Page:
Tips for Teaching Productivity and Reliability to Younger Workers

Tips for Teaching Productivity and Reliability to Younger Workers

Most bosses agree that two traits their best employees possess are reliability and productivity. In other words, they show up and do their jobs to the best of their abilities, every time. As a contractor, this is important because you often win bids based on when you can deliver a finished product, and in order to do that, you need workers who’ll work reliably.

If you have good employees, it might seem like you got lucky. On the other hand, if you have employees who constantly underperform or your constantly hiring new people, it might be time for some self-reflection. Yes, we said SELF-reflection.

There’s a good chance that your management style might be attracting the wrong kind of employees, or more to the point, turning off the good ones. If you’re serious about learning how to mold young workers into model employees, let’s look at how you can be a model manager.

Lead by Example

Your employees will follow your lead. If you take your sweet time getting to the job site, take long lunches every day and talk ill about your customer or other employees, guess what your employees will do? Just like kids follow the examples set by their parents, your workers will emulate what you do. So, if you want your employees to take the job seriously, they need to see you taking it seriously. Be on time. Take lunch like everyone else. Don’t trash talk people. Employees who like to do those things will quickly realize you won’t tolerate that behavior and either they’ll straighten up, or they’ll ship out. Those who don’t operate in that fashion will appreciate the fact that you don’t either.

If You Want Dedication and Loyalty, then Give It

Employees can often quickly determine between bosses who have their backs and those who do not. If you treat your employees with respect, listen to all sides of an issue before making a decision and generally seem to care about the well-being of your employees, they’ll reward that dedication with dedication of their own. Workers like to feel valued; like you appreciate what they are doing. When they feel appreciated, then they provide you with productivity and reliability. If they don’t feel valued, then they’re going to do the bare minimum required to meet the job description.

Don’t Be a Jerk

This might seem like a harsh label, but you really want to make sure it doesn’t apply. For the record, it’s possible to be a perfectly nice person, but be a jerk boss. Being a manager isn’t something that everyone is good at, and sometimes, methods used to manage the team might come off as counter-productive. For example, if the job hours are 7 am to 5 pm, and one of your workers comes to you and says, “Hey boss, I need to drop my kid off at school at 7 am so I can’t be on site until 7:15, but I have no problem staying until 5:15 to make up for it” and you tell him, “Be here at 7 am or your fired,” is that REALLY necessary?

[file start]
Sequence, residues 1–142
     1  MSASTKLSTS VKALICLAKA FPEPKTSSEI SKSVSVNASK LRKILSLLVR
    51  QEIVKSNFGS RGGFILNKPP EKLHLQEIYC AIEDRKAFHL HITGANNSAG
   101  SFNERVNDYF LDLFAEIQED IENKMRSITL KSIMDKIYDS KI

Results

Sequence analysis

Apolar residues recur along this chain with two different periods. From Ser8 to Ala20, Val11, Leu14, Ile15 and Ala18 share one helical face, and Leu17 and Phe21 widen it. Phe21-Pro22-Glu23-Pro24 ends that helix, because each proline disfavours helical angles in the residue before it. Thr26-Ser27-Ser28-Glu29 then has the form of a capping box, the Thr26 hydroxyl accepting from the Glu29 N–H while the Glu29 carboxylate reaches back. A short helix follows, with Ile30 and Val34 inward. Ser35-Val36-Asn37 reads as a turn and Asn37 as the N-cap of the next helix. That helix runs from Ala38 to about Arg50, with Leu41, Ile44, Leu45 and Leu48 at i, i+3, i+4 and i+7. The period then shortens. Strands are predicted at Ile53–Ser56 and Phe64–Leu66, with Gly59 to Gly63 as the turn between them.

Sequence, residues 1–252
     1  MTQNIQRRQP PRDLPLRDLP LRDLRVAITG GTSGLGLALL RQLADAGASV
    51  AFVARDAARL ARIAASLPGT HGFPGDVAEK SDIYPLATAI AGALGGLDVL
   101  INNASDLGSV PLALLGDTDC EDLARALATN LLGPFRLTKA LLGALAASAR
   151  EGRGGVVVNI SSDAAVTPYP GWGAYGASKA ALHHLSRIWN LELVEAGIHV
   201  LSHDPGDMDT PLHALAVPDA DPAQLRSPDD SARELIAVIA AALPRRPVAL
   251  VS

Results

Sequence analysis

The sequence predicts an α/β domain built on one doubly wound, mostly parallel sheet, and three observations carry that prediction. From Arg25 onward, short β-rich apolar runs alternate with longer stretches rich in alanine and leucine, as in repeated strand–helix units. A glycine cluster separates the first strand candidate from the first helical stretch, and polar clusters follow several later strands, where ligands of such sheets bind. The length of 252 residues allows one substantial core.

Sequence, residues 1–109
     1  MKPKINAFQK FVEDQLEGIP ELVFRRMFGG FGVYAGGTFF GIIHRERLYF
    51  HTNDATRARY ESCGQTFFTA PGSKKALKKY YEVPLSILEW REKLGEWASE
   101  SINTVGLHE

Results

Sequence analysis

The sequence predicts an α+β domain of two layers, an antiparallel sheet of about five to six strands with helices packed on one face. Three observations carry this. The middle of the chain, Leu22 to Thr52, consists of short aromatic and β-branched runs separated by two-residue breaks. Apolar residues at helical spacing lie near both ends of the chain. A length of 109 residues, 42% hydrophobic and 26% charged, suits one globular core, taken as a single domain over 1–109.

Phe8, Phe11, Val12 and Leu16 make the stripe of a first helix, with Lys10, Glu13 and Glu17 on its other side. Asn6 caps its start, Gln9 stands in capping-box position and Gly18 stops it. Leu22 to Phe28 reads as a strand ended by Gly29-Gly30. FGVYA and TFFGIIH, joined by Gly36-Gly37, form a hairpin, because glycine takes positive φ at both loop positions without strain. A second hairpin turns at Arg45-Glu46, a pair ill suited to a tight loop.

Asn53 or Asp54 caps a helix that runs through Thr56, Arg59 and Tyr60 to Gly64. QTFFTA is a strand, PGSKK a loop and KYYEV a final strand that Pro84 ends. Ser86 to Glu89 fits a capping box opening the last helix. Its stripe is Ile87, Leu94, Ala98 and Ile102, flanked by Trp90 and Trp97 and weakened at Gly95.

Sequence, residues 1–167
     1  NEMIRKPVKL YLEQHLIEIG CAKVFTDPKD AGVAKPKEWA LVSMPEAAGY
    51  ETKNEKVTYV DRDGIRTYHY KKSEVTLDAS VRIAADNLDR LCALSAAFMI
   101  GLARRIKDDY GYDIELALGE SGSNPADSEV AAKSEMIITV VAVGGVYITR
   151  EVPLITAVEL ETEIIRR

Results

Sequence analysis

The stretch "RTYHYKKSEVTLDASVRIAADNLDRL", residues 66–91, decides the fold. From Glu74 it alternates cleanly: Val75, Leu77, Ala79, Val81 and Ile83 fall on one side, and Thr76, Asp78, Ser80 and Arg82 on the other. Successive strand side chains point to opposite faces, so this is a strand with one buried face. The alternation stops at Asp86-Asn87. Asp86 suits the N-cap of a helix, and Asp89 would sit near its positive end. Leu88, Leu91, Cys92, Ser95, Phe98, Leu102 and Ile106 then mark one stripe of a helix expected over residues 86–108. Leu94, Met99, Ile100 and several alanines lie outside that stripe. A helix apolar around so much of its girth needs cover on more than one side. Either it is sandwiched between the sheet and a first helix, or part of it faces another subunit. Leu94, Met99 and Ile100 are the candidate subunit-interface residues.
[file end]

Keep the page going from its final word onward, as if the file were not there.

This is the type of response that gets you labeled a jerk boss. It also makes you short-sighted because that’s the kind of employee you want, the kind that is reliable and responsible enough to come and tell you there’s an issue and also offer a solution. You might think, “Well, if I make an exception for this employee, then the others will expect that too.” And you’re probably right, but more to the point, your other employees will also appreciate that you are willing to work with them. In return, they will work harder for you.

This might seem a bit heavy-handed and like we think all the blame for underperforming workers are your fault. But the fact is, most workers will give as good as they get. Be a jerk to them, and that’s what you’ll get in return, and that’s what the newest members of the workforce will emulate. Be a decent human being and a fair boss willing to work with his employees, and you’ll likely have workers who will walk through fire for you because you’ve shown you’ll fight the fire with them. And that’s what the next generation needs to learn.

ContractorTalk.com

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